A man who tried to sneak some tires across the Saskatchewan border by tucking them under bales of hay is among a long list of people paying fines for not declaring everything they were bringing back to Canada in December.

The errant ways of travellers at Saskatchewan's border crossings were reported Tuesday in a selected summary of activities by agents of the Canada Border Services Agency.

The agency provided the information to remind people about the importance of making accurate declarations and to demonstrate how they are “working to protect the safety and security of Canadians”.

The man with the tires in the hay arrived at the border Dec. 8, where he said he had six horses with him, worth $7,000 US. He also said he had another $8,000 US in personal goods. However, according to the CBSA the traveller neglected to mention four tires, worth around $500 US, underneath hay bales in the horse trailer.

Upon further examination the border agents learned the man also failed to mention that he had some work done on his truck and purchased another six tires.  He was fined almost $400. The CBSA said if the man been truthful, he would have only have had to pay GST on the items, of less than $80.

The December report highlighted several other cases of improper reporting, including:

  • Travellers who bought a dog in the US, claiming it was worth $500 US, but then admitted it actually cost them $1,900 US. They were given penalties of $800. A proper declaration would have led to just $95 in GST.
  • A traveller who tried to bring in a cell phone, coffee maker, beauty products, clothes and cigarettes. The total value was $900 US. The penalty imposed was $670. A proper declaration would have attracted just $50 of GST.
  • A family arrived at the border and said they had $1,600 in goods, as well as 42 cans of beer. When officers checked receipts, however, things didn't add up. They also found a $230 pair of sunglasses, that was not declared. The penalty imposed was $230. A proper declaration would have attracted just $20 in GST.

In addition to checking goods at the border, the CBSA also kept an eye out for people who should not be let into Canada.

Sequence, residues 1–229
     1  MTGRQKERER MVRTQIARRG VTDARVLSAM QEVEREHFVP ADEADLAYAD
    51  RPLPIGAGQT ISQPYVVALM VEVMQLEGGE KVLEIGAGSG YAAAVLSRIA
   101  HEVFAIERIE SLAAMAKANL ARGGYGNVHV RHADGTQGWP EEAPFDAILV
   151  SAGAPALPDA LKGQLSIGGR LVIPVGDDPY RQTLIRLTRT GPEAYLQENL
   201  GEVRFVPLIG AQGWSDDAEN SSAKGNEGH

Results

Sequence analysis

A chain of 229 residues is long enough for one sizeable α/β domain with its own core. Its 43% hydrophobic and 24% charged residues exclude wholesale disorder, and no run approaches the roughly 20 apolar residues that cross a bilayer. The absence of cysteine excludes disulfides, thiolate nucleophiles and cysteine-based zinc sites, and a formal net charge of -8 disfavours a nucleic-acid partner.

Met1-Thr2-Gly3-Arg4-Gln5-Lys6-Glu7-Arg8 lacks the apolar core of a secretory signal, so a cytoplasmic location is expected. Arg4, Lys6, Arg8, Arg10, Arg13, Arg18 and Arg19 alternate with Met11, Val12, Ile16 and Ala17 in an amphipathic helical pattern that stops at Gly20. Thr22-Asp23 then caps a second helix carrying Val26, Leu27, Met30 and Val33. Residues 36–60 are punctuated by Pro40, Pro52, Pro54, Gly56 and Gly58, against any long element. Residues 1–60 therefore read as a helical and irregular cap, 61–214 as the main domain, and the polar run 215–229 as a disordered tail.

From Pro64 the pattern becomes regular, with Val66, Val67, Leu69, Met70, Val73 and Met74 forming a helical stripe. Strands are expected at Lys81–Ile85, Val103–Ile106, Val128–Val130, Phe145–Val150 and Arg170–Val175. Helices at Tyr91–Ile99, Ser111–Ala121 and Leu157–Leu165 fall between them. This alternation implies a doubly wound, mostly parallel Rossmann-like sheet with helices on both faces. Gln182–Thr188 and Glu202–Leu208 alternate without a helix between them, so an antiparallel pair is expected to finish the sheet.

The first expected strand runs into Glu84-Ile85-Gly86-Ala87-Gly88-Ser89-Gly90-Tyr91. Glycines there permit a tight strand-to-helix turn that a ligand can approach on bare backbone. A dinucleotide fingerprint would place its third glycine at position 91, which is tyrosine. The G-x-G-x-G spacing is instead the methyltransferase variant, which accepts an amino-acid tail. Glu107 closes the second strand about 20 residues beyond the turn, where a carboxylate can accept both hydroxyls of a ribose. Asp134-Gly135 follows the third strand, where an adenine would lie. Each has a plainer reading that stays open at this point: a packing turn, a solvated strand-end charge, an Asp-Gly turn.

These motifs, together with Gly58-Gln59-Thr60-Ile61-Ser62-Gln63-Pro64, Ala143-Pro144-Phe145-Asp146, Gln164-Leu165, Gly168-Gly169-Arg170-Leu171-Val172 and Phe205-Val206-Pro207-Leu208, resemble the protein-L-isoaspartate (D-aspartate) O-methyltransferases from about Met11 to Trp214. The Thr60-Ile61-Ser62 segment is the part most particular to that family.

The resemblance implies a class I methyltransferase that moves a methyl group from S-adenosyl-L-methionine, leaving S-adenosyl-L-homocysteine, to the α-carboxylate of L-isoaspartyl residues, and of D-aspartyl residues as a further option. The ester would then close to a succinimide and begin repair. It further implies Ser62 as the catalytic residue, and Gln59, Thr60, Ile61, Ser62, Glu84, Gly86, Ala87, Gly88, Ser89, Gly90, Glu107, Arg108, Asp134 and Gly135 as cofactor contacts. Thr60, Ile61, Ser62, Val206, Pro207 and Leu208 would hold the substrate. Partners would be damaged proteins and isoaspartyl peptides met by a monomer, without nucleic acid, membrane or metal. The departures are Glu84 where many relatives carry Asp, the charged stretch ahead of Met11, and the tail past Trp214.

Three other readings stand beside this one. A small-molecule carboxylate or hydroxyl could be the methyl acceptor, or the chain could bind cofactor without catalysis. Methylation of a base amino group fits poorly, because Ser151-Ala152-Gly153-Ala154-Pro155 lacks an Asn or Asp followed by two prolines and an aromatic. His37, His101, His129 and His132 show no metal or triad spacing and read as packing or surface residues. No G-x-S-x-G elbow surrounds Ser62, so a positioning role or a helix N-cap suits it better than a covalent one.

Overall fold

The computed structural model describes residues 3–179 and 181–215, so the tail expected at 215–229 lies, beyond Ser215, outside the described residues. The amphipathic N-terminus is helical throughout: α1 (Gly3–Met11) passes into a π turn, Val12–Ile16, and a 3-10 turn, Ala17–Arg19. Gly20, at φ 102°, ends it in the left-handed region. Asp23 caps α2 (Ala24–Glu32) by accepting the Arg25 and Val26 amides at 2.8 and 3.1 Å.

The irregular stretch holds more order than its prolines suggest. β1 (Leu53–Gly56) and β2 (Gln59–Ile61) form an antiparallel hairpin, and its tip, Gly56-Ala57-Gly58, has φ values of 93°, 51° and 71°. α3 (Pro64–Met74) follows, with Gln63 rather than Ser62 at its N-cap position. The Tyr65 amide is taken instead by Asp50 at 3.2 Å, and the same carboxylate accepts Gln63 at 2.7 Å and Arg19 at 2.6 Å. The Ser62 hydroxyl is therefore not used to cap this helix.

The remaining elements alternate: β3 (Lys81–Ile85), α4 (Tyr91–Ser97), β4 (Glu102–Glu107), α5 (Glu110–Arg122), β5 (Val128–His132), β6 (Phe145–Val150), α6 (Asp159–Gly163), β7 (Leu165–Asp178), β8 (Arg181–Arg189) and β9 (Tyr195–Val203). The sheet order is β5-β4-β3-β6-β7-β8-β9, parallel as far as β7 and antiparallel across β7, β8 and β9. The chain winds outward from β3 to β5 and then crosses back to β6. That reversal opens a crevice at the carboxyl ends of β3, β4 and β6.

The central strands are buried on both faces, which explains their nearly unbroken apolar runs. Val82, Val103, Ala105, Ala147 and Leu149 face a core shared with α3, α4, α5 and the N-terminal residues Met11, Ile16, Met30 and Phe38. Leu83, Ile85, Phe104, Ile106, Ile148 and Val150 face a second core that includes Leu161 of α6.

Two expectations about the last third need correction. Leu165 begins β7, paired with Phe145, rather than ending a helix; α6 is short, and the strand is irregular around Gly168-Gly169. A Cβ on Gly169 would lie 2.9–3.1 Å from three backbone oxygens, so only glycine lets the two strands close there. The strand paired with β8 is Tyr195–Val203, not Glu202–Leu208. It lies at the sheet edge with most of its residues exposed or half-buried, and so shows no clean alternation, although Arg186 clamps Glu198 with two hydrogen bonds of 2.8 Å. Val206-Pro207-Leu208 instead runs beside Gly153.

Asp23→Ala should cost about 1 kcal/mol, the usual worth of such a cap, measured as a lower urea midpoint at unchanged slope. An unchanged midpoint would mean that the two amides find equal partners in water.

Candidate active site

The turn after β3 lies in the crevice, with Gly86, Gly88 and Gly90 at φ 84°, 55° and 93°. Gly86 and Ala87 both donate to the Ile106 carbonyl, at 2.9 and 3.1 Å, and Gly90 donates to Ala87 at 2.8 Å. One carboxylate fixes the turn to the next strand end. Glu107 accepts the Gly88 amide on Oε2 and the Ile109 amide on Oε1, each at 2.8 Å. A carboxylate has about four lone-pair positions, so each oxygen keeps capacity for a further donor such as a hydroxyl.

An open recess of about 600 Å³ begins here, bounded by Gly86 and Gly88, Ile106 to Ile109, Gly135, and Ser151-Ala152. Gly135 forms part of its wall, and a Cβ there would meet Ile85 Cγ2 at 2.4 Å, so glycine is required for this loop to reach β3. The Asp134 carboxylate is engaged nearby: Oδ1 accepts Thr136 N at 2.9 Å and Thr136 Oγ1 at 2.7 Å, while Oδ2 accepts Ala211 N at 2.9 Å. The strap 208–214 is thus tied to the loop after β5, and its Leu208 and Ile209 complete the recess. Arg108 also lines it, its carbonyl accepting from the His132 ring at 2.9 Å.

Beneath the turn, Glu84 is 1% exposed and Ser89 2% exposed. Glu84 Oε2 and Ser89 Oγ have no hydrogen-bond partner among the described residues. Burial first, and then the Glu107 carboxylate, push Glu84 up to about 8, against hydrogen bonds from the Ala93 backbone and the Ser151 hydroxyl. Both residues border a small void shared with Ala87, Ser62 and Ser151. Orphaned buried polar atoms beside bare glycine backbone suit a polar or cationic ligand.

The highlights for December included many examples of so-called inadmissible people being turned away, including:

  • Two truck drivers from North Carolina and Texas who were delivering vehicles to Canada. Checks revealed that the North Carolina man had been convicted of drug charges related to cocaine and marijuana, and was also facing a drunk-driving charge. The Texas man admitted to agents that he had some active criminal charges, including assault, street fighting and more. Both drivers were refused entry.
  • A 21-year-old Texas man was travelling to meet his 17-year-old girlfriend for the first time. Officers investigated and learned the youth's parents did not know about the visit. The officers also found evidence suggesting the man planned to bring the girl back to the United States. He was denied entry and the border agents notified the RCMP of their findings.
  • A 40-year-old woman arrived at the border but she had two outstanding charges of drunk driving still before the courts, as well as a conviction for driving with a suspended license. She was inadmissible and returned to North Dakota.
  • A North Dakota man arrived at the border and said had never been refused entry at the border and was not carrying any prohibited weapons. However, it turned out the man had been refused entry in the past. Officers also found some pepper spray and a prohibited weapon in his vehicle. He was issued a penalty of $500 and returned to the United States.
  • On Dec. 25 a 43-year-old man showed up at the border and said was on his way to Estevan for lunch and to see moose. However, the officers found he had a serious criminal conviction in the US, and was also facing charges for damage to property and fraud. He was turned back at the border.

Border activity in December

20,150 travellers,
6,163 cars and
8,430 commercial trucks
were processed

Entry was refused to 32 people, including 17 for previous criminal records.

55 work permits and
7 study permits were issued.

Permanent resident status was granted to 225 people.

SOURCE: Canada Border Services Agency

Infographic by Andre Mougeot/CBC